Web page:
Master Thesis Defense - July 26, 2018: Ternary and Hybrid Event-based Particle Filtering for Distributed State Estimation in Cyber-Physical Systems
Thursday, July 26, 2018 at 10:00 a.m.
You are invited to attend the following M.A.Sc. (Quality Systems Engineering) thesis examination.
Dr. J. Yan, Chair
Dr. A. Mohammadi, Supervisor
Dr. A. Ben Hamza, CIISE Examiner
Dr. W.P. Zhu, External Examiner (ECE)
The thesis is motivated by recent advancements and developments in large, distributed, autonomous, and self-aware Cyber-Physical Systems (CPSs), which are emerging engineering systems with integrated processing, control, and communication capabilities. Efficient usage of available resources (communication, computation, bandwidth and energy) is a pre-requisite for productive operation of CPSs, where security, privacy, and/or power considerations limit the number of information transfers between neighbouring sensors.
In this regard, the focus of the thesis is on information acquisition, state estimation, and learning in the context of CPSs by adopting an Eventbased Estimation (EBE) strategy, where information transfer is performed only in occurrence of specific events identified via the localized triggering mechanisms. In particular, the thesis aims to address the following identified drawbacks of the existing EBE methodologies: (i) At one hand, while EBE using Gaussian-based approximations of the event-triggered posterior has been fairly investigated, application of non-linear, non-Gaussian filtering using particle filters is still in its infancy, and; (ii) On the other hand, the common assumption in the existing EBE strategies is having a binary (idle and event) decision process where during idle epochs, the sensor holds on to its local measurements while during the event epochs measurement communication happens. Although, binary event-based transfer of measurements potentially reduces the communication overhead, still communicating raw measurements during all the event instances could be very costly.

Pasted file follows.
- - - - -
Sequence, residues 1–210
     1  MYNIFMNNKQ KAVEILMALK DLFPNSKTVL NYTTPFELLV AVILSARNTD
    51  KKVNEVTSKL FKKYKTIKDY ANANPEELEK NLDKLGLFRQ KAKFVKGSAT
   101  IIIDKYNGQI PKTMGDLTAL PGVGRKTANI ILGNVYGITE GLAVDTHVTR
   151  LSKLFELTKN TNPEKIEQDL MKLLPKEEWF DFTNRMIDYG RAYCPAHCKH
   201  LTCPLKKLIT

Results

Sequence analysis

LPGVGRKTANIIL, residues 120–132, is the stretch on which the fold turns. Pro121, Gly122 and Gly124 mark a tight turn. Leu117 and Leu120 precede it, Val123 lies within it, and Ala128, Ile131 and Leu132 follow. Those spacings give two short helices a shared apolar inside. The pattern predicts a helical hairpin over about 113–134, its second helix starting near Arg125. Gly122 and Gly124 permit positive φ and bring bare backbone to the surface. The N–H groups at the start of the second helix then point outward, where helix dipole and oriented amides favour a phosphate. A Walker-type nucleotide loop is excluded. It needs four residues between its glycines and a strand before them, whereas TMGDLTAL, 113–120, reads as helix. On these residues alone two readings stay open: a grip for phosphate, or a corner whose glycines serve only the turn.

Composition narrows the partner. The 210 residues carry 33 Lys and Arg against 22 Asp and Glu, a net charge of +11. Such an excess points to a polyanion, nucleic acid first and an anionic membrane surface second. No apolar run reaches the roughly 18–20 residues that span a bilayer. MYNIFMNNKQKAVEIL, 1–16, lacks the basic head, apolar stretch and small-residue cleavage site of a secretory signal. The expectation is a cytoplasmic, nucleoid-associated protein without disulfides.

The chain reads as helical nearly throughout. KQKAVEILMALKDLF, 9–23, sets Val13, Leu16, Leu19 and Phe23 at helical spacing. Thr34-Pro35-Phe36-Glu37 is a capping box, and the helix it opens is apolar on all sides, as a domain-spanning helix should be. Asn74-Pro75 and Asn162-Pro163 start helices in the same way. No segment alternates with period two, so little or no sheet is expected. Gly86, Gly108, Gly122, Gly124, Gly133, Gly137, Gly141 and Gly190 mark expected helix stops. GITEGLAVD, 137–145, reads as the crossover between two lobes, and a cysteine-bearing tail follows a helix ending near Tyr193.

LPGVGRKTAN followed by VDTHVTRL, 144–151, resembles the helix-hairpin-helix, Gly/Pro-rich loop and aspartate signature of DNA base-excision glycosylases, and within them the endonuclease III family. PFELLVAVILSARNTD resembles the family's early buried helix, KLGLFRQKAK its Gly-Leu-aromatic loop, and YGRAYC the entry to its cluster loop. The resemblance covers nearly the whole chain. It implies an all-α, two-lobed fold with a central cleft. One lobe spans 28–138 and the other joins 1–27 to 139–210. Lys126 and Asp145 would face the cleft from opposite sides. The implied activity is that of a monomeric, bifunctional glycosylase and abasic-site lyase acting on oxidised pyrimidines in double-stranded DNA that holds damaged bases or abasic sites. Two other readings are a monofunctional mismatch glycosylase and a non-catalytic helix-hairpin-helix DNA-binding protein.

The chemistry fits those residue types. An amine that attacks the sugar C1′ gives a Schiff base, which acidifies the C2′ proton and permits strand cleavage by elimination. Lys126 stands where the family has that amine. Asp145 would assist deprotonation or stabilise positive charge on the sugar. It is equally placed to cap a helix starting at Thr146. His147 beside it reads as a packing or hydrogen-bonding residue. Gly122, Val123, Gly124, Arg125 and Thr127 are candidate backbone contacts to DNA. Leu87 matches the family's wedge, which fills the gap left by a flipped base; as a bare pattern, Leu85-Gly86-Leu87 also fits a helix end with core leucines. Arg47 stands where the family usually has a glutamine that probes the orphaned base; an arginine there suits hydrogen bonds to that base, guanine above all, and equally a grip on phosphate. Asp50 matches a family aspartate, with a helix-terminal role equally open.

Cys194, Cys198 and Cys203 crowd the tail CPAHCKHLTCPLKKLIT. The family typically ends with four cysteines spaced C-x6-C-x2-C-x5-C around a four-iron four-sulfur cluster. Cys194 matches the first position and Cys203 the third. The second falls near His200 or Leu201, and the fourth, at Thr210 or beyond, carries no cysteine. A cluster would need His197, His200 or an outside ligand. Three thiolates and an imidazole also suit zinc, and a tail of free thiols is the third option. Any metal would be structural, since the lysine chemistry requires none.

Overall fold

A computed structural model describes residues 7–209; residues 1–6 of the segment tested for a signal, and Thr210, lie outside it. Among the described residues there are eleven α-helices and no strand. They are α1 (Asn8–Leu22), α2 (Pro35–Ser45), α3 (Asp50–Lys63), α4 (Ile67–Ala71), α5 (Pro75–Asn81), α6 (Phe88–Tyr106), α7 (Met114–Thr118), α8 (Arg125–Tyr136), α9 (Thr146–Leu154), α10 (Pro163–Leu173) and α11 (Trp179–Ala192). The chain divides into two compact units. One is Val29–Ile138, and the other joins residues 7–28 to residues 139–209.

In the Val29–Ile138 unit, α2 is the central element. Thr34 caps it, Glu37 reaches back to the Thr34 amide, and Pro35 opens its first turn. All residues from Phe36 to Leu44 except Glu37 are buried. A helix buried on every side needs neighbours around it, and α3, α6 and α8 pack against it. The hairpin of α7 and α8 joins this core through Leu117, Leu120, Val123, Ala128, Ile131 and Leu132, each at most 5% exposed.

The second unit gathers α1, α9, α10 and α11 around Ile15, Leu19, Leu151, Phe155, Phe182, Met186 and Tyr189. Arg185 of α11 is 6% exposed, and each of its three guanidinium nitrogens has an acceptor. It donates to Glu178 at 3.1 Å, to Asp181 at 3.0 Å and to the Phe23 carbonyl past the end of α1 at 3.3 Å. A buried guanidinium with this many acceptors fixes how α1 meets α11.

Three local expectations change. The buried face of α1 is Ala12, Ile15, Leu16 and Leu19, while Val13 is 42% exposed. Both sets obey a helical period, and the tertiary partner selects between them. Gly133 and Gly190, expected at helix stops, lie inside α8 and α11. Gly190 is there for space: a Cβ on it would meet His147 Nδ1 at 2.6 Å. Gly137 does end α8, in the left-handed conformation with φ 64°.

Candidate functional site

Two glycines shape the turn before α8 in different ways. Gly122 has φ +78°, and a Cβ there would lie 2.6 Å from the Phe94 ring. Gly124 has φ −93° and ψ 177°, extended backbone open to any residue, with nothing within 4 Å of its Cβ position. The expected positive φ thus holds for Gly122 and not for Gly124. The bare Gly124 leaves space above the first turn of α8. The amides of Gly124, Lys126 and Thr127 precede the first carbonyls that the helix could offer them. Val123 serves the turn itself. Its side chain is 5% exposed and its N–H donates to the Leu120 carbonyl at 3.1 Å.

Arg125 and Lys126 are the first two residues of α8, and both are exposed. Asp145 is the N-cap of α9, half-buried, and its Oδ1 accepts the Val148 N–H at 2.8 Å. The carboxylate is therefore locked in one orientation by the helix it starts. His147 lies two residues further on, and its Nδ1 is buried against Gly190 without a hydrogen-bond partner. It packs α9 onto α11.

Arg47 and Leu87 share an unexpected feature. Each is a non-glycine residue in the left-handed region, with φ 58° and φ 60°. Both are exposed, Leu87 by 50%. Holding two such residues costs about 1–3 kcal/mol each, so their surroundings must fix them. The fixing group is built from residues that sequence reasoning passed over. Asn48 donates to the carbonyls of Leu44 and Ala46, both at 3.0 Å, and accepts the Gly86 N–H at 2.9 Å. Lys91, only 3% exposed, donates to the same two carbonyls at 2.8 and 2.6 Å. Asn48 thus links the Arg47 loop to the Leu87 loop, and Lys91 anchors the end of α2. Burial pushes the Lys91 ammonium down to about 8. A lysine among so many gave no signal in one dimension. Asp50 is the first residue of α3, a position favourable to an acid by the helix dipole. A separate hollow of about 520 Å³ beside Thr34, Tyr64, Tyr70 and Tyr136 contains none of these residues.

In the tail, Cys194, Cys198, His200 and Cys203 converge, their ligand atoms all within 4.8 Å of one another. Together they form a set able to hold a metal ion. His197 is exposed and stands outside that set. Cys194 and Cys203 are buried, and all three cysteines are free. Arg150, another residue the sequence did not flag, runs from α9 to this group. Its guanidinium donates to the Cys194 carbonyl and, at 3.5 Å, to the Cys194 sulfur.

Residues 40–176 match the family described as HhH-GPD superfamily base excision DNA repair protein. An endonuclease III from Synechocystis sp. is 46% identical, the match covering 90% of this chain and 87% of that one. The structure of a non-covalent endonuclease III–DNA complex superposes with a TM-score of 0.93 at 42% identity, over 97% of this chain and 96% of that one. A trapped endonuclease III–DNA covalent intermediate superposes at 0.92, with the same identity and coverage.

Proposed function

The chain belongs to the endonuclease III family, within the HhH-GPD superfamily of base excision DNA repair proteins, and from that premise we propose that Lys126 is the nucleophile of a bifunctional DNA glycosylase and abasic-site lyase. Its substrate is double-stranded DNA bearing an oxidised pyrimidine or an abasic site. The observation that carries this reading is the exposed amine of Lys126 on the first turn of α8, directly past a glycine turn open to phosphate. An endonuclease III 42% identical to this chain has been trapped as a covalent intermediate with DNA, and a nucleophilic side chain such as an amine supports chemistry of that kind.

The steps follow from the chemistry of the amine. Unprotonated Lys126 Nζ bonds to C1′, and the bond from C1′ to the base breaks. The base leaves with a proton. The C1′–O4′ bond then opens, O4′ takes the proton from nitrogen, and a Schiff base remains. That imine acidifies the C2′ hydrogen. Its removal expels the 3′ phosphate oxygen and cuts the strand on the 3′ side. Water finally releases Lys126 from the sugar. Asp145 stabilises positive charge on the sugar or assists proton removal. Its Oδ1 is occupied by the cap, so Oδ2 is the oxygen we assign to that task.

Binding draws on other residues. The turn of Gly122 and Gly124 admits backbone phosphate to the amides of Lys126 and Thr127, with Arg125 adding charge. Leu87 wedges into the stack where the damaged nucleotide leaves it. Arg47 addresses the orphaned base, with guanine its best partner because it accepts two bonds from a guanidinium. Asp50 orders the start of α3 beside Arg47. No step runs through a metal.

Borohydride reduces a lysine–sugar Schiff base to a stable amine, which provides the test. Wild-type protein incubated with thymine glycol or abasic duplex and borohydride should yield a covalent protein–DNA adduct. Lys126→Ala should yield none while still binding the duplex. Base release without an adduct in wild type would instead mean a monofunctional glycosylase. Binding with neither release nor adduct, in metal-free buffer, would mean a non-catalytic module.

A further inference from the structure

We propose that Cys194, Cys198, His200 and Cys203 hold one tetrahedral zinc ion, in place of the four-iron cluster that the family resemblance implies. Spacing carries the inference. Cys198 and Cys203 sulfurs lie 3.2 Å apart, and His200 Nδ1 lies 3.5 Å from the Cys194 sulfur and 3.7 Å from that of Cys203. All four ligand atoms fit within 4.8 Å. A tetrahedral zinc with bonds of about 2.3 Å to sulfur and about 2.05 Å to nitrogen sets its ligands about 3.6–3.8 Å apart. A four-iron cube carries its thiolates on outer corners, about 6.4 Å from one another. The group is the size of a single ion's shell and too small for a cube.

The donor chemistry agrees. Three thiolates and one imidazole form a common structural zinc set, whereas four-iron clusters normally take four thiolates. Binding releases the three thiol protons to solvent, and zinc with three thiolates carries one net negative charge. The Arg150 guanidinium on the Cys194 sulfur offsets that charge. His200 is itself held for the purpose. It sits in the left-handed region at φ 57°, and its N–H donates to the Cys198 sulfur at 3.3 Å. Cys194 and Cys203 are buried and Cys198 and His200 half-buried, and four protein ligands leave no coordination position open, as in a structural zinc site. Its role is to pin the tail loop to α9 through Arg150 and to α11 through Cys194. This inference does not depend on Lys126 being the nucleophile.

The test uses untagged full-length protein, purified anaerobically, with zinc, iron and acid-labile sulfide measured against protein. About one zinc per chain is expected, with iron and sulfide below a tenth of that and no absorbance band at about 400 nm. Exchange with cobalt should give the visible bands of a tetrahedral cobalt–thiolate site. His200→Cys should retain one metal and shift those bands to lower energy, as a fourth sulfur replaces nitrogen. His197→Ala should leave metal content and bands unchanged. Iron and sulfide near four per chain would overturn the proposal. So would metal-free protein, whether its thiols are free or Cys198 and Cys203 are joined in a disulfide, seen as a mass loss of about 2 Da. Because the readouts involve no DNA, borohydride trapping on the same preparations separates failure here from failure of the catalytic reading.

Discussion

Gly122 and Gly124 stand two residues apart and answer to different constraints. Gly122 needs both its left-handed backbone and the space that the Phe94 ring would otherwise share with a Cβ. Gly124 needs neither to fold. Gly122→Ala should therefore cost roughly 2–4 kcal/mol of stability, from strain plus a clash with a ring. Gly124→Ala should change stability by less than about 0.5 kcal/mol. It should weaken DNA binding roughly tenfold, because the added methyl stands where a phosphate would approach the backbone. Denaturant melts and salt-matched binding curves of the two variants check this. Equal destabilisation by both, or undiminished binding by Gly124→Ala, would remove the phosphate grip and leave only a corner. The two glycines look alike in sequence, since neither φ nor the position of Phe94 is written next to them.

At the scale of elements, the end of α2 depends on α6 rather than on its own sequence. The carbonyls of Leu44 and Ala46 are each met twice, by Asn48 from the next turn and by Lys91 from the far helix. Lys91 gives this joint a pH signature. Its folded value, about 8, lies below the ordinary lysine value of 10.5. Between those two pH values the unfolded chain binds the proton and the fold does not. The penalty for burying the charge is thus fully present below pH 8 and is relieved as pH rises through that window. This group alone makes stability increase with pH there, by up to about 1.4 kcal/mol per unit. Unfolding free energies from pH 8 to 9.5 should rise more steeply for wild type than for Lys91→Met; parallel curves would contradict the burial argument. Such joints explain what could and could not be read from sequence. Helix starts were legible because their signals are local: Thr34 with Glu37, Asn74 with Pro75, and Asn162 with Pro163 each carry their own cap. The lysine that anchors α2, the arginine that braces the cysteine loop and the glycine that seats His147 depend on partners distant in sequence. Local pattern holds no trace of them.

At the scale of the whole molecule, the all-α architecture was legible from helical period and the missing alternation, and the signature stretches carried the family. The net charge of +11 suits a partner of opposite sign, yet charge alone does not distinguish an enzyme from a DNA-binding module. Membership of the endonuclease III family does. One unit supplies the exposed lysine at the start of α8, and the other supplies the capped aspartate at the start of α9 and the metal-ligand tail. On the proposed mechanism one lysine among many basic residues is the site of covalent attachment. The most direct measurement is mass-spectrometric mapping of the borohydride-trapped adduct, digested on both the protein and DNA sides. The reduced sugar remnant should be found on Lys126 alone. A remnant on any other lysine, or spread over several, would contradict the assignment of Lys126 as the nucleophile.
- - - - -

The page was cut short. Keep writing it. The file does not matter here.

To address the aforementioned shortcomings of existing EBE methodologies, first an intuitively pleasing eventbased particle filtering (EBPF) framework is proposed for centralized, hierarchical, and distributed state estimation architectures. Furthermore, a novel ternary event-triggering framework, referred to as the TEB-PF, is proposed by introducing the ternary event-triggering (TET) mechanism coupled with a non-Gaussian fusion strategy that jointly incorporates hybrid measurements within the particle filtering framework. Instead of using a binary decision criteria, the proposed TET mechanism uses three local decision cases resulting in set-valued, quantized, and point-valued measurements. Due to joint utilization of quantized and set-valued measurements in addition to the point-valued ones, the proposed TEB-PF simultaneously reduces the communication overhead, in comparison to its binary triggering counterparts, while also improves the estimation accuracy especially in low communication rates.